18 “Listen then to what the parable of the sower means: 19 When anyone hears the message about the kingdom and does not understand it, the evil one comes and snatches away what was sown in their heart. This is the seed sown along the path. 20 The seed falling on rocky ground refers to someone who hears the word and at once receives it with joy. 21 But since they have no root, they last only a short time. When trouble or persecution comes because of the word, they quickly fall away. 22 The seed falling among the thorns refers to someone who hears the word, but the worries of this life and the deceitfulness of wealth choke the word, making it unfruitful. 23 But the seed falling on good soil refers to someone who hears the word and understands it. This is the one who produces a crop, yielding a hundred, sixty or thirty times what was sown.”
Doug: Clark Kent reflects on time spent as a youth with his father Jonathan, a Kansas farmer. Clark's father spoke to him about seeds, and about nurturing them. He spoke of some not having much chance to mature, and others that would produce bountifully. Clark took all of that in, and knew that his father was telling him a story with a deeper meaning. Clark has always given of himself, and reflects on compassion and kindness as he delivers Metropolis' Christmas tree. The throngs of people cheer him as he plants the tree in its base, and then using his super speed decorates it in a flash. While those present want him to linger and speak, he instead flies off -- knowing there will be other less festive events to tend to. And as he takes to the skies, he hears a cry for help behind him. It's a young girl who's fallen in the midst of the onlookers; Superman swoops from above and whisks her away. As he cradles her in his arms, he feels her bones through her clothes. She's fainted, and it's not from the excitement. The girl is starving.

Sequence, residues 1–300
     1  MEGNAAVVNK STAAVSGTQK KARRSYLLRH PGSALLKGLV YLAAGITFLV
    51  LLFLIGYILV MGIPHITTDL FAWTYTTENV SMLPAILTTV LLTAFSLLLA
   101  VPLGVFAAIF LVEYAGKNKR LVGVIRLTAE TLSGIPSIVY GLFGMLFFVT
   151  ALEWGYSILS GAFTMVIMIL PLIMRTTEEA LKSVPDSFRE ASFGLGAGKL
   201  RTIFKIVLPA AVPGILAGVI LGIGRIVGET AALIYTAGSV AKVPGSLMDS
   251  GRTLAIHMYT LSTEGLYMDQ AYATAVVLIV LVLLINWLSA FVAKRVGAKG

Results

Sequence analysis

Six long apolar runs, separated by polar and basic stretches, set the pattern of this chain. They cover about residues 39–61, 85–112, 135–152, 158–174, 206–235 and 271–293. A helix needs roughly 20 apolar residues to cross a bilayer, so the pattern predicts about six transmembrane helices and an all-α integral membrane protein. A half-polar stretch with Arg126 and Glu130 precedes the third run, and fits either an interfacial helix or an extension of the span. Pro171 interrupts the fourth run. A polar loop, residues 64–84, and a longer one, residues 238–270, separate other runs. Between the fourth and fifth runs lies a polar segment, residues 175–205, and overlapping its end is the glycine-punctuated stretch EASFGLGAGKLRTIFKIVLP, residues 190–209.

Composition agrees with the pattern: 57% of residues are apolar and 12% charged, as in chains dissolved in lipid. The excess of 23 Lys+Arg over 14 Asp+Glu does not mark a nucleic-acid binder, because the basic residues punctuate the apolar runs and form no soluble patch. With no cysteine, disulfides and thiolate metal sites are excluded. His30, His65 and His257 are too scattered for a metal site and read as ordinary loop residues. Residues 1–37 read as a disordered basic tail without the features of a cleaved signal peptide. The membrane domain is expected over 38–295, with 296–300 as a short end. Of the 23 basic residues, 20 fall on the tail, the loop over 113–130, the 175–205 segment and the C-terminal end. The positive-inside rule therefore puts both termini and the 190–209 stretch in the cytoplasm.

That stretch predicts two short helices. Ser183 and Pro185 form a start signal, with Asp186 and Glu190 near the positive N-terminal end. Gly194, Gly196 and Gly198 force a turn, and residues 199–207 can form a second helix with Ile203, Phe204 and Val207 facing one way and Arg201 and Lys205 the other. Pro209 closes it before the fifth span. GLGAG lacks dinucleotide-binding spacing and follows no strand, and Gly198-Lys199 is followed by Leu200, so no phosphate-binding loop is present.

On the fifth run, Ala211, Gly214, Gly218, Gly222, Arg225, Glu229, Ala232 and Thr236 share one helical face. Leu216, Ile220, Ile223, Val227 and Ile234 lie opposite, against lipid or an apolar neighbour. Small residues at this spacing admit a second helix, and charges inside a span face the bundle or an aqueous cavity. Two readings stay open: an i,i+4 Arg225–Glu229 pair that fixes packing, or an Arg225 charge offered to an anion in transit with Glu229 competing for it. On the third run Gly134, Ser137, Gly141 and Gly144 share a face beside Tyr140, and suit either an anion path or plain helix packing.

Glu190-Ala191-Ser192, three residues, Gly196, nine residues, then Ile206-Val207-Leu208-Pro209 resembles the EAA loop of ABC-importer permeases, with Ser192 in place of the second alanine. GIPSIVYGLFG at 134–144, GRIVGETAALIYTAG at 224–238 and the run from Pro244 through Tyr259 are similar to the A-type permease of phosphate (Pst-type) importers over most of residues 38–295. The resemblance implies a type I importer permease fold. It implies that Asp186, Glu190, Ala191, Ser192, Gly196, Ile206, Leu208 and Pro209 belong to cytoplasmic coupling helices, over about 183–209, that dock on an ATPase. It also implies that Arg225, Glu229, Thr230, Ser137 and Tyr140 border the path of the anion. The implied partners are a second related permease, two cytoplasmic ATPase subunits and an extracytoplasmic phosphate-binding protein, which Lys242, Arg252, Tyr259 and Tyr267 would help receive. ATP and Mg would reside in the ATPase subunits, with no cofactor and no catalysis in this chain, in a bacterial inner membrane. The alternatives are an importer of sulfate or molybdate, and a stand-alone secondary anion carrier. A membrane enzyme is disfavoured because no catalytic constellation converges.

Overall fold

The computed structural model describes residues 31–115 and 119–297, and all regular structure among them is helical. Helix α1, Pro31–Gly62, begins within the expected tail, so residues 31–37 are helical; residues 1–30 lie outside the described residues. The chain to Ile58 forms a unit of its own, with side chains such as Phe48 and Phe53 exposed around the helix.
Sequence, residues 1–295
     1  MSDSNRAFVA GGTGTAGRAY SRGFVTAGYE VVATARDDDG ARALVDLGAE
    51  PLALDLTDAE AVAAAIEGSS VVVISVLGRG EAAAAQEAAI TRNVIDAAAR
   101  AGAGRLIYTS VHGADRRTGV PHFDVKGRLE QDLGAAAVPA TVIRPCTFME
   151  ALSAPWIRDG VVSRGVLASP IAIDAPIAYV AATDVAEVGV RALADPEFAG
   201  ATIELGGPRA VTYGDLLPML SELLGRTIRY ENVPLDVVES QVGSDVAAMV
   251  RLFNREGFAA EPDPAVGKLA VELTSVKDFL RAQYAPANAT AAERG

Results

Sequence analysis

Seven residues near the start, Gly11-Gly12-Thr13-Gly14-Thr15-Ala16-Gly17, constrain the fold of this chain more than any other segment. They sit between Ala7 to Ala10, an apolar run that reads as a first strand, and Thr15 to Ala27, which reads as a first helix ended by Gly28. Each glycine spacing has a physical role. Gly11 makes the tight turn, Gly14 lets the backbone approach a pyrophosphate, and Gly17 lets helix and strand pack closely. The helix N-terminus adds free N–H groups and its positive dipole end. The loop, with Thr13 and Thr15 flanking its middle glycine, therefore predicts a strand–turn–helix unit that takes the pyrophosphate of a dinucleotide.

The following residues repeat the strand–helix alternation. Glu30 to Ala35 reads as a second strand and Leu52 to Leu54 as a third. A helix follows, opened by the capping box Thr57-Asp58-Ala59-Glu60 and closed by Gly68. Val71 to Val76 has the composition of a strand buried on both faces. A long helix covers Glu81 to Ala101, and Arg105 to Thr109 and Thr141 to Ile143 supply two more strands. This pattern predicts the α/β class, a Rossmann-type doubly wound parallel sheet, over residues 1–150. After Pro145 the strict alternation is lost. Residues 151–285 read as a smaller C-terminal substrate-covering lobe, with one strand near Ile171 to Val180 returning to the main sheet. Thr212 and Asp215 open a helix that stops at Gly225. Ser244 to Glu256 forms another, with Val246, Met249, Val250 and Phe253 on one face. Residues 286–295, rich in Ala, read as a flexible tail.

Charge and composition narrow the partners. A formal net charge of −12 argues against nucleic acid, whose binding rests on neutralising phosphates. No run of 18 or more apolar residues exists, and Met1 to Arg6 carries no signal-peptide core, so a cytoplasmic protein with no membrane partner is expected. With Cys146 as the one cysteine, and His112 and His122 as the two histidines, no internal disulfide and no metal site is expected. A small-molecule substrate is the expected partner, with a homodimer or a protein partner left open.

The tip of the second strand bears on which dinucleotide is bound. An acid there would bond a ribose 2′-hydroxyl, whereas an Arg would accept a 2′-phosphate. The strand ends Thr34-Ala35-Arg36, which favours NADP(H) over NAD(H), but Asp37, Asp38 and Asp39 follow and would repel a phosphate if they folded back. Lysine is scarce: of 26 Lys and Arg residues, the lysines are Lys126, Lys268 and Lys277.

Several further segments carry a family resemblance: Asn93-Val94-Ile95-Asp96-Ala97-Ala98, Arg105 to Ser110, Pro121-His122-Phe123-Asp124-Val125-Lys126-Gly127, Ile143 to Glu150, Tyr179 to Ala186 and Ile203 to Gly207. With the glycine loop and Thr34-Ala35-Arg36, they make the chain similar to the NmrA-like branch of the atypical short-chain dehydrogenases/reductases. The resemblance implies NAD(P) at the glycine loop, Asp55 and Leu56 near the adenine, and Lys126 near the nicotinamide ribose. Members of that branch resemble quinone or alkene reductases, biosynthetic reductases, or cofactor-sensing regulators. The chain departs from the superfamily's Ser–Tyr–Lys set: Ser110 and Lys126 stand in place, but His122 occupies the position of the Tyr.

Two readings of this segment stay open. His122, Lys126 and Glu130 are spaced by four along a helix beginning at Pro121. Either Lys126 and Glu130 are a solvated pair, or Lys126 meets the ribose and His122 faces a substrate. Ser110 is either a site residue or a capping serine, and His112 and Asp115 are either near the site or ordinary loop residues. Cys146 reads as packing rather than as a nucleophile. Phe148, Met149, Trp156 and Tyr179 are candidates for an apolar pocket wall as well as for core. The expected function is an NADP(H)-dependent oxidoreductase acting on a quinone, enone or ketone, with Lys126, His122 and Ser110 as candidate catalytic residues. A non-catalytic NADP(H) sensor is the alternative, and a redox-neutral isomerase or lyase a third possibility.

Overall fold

Karen: I love how the flashback scenes with young Clark and Pa Kent are bathed in a soft golden light -the warm glow of memory but also perhaps the warm glow of the nurturing sun. I'm so pleased that it is Clark's upbringing here on Earth that is so integral to the story - I'm really not a fan of the more Kryptonian Superman that seems to be popular now. Ross' choice of angles as Superman carries in the tree really convey the size of it and the magnitude of his feat -all through the book, I am constantly impressed by Superman's various actions, which Ross manages to make look so much more majestic than ever before.